Training a dog is certainly the hardest part of owning a dog. It can be very frustrating having a dog that is not housebroken, or barks excessively, or keeps pulling on the leash during your walks, or doesn't respond whenever it's called, or jumps up on people, etc.

You'll be fed up, because it’s pretty exhausting to keep trying to make them listen. You'll wonder how professional dog trainers help dogs behave exactly the way they (the trainers) want them to.

But hiring a trainer can be quite expensive, and to be honest, you don’t really need to.

I’ll explain how in a minute. First, let me talk about WHY your dog seems to be so hard to train...

The reason you are having so much difficulty training your dog is that you've been doing dog training the outdated way.

It's not your fault though. The fault really lies with all the bad dog training information that's out there on the Internet and elsewhere.

Most people start training their dogs using verbal cues or commands like SIT, STAY, etc. Because that's what they have been taught to do by numerous books on dog training and by all the videos they've seen on the Internet.

Here's the problem - that's exactly how NOT to train a dog!

Why?

Because the science of animal behavior says that starting your training using verbal cues sets your dog up for failure.

Dogs that are trained only using verbal cues never get trained properly. Or at least, the training doesn’t last long.

So what's the best way to train a dog?

The science is very clear on this - dogs are best trained by using body language. Now, this doesn't mean that you should never use verbal cues. What it means is that you should always START your dog's training using body language. Later on, you can bring in a verbal cue to reinforce your dog's training.

That's it? Yeah, that's it :-)

So how do you train your dog using body language?

I just came across this fantastic free workshop from the K9 Training Institute that helps you learn how to do just that.

The workshop is designed to help "normal" dogs like yours have the same level of calmness, obedience and impulse control as service dogs.

It's being conducted by Dr. Alexa Diaz (one of the top service dog trainers in the U.S.) and Eric Presnall (host of the hit Animal Planet TV show "Who Let the Dogs Out").

Frankly, the techniques described in the workshop are fairly groundbreaking - I haven't seen anyone else talk of these techniques.

This is because it's the first time ever (at least that I know of) that anyone has revealed the secret techniques used by the service dog training industry to train service dogs.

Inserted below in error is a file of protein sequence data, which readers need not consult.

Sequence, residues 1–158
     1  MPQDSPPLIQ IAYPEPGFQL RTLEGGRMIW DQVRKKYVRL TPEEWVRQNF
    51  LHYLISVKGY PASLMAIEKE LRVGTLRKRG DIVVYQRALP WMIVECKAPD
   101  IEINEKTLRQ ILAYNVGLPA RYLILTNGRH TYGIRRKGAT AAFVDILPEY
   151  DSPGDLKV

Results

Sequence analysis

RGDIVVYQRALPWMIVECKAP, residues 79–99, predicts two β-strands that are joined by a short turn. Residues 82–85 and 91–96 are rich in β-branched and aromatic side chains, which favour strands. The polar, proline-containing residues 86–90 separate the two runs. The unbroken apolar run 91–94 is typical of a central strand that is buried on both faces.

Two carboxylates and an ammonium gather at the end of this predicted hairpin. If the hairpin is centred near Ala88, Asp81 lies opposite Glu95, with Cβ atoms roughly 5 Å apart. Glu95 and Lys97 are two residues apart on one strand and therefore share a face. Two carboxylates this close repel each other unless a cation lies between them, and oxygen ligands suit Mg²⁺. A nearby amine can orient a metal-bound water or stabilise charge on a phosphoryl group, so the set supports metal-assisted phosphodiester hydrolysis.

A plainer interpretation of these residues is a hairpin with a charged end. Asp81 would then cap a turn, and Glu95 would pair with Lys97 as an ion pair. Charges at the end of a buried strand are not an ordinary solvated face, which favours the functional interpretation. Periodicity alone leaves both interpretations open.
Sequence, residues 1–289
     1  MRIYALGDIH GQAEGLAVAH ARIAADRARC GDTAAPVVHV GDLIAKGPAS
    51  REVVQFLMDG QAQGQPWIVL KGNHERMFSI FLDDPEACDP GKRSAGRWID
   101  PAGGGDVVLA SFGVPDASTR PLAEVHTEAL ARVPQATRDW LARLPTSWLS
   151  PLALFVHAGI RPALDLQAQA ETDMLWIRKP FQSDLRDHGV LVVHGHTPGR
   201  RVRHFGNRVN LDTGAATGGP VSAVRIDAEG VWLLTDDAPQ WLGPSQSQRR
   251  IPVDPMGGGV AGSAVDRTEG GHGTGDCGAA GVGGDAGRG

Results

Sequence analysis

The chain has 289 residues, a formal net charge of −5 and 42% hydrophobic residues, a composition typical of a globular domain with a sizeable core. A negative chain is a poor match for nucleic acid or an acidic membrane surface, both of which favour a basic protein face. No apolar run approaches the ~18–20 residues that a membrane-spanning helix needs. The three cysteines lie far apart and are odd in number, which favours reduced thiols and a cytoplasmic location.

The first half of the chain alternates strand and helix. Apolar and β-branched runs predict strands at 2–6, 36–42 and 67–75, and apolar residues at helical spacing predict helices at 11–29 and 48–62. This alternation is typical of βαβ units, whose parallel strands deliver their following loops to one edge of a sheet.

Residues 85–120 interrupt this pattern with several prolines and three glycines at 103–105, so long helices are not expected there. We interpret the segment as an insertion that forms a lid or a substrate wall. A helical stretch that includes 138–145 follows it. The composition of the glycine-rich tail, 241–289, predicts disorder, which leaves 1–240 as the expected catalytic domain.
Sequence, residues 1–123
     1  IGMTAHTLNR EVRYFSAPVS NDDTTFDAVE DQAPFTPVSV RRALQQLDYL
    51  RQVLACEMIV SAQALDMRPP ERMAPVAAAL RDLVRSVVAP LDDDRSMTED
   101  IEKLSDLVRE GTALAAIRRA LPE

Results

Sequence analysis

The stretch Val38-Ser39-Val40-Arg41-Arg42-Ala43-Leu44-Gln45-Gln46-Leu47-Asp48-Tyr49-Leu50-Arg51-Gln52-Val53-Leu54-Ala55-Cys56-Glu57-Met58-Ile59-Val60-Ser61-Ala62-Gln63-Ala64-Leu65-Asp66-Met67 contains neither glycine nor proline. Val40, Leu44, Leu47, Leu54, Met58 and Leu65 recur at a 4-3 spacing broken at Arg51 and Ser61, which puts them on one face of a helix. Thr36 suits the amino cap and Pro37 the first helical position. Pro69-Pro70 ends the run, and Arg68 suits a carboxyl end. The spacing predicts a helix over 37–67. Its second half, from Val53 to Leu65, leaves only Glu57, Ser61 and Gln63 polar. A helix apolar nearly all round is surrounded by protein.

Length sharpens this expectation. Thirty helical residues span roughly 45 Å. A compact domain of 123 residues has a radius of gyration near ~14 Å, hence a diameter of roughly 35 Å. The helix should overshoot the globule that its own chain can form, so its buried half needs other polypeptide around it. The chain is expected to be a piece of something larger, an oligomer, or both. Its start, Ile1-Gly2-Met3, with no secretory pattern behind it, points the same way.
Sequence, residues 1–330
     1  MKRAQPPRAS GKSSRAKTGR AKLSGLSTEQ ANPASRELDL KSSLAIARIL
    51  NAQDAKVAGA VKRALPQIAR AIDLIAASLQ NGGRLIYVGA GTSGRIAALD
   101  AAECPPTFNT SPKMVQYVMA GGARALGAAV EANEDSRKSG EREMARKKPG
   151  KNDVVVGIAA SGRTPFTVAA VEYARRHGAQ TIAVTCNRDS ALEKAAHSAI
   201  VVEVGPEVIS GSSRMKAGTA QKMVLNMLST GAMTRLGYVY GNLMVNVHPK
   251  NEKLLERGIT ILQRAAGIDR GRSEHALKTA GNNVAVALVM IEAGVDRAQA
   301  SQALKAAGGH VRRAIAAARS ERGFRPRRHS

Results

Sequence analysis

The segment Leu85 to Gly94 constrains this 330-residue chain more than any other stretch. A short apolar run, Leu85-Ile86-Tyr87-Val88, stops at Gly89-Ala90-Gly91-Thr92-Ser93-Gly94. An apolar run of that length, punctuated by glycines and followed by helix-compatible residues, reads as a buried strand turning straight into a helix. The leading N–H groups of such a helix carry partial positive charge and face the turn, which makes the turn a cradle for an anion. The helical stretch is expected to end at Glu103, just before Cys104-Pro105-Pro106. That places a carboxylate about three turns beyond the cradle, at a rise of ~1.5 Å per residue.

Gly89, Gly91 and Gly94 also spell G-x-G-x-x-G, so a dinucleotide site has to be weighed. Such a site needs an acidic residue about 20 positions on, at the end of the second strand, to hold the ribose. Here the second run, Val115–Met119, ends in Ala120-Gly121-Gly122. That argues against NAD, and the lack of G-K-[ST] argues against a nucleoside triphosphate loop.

In the free workshop, you'll discover:

  1. How to train your dog using body language, rather than verbal cues
  2. The 3 key techniques that service dog trainers use to train dogs, and how you can use them too
  3. The most important step that "normal" dog owners have been missing (this is very important to get your dog’s attention, and it works 100% of the time)
  4. How to stop bad behaviors like excessive barking, pulling on the leash, jumping, etc.
  5. Why a lot of dog owners are unable to establish the amazing bond that service dog trainers have with their dogs etc.

The tips shared in this free workshop work on ALL dog breeds - from small breeds like Pomeranians and Chihuahuas to large breeds like English Mastiffs and Great Danes.

Also, puppies as young as 6 weeks old, and previously untrained adult dogs as old as 13 years, have been successfully trained using these techniques.

It's not a live workshop - rather, it's a pre-recorded workshop, which means that you can watch it at your convenience.

However, while the workshop is free, I am not sure whether it's going to be online for too long, so please check it out as soon as you can.

Here's the link again.

Sunday, October 22, 2023

About Family Disaster Dogs


Click above to preview the Family Disaster Dogs book


The Family Disaster Dogs books,  website and social media give dog owners a way to learn how-to prepare for disasters with pets by offering online posts and lessons that encourage the training of family dogs to assist in disasters and how-to use a dog to find people who may go missing. 

Visitors worldwide browse over 260 blog posts of dog care and training at familydisasterdogs.com where books, courses and emergency resource lists are available and regularly updated with new content.





Family Disaster Dogs has a huge following of furbaby households and global emergency response teams who frequent the site for information on current natural disaster events, dog training and preparedness for floods, hurricanes, tornados, evacuation and wildfires.